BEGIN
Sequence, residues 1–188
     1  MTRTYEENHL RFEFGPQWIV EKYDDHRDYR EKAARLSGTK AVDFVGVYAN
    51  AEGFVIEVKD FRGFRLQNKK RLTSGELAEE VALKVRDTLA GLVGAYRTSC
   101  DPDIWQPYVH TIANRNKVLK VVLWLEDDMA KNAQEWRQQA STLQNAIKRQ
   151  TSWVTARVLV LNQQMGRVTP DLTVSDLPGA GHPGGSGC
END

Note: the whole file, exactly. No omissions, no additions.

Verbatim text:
Sequence, residues 1–188
     1  MTRTYEENHL RFEFGPQWIV EKYDDHRDYR EKAARLSGTK AVDFVGVYAN
    51  AEGFVIEVKD FRGFRLQNKK RLTSGELAEE VALKVRDTLA GLVGAYRTSC
   101  DPDIWQPYVH TIANRNKVLK VVLWLEDDMA KNAQEWRQQA STLQNAIKRQ
   151  TSWVTARVLV LNQQMGRVTP DLTVSDLPGA GHPGGSGC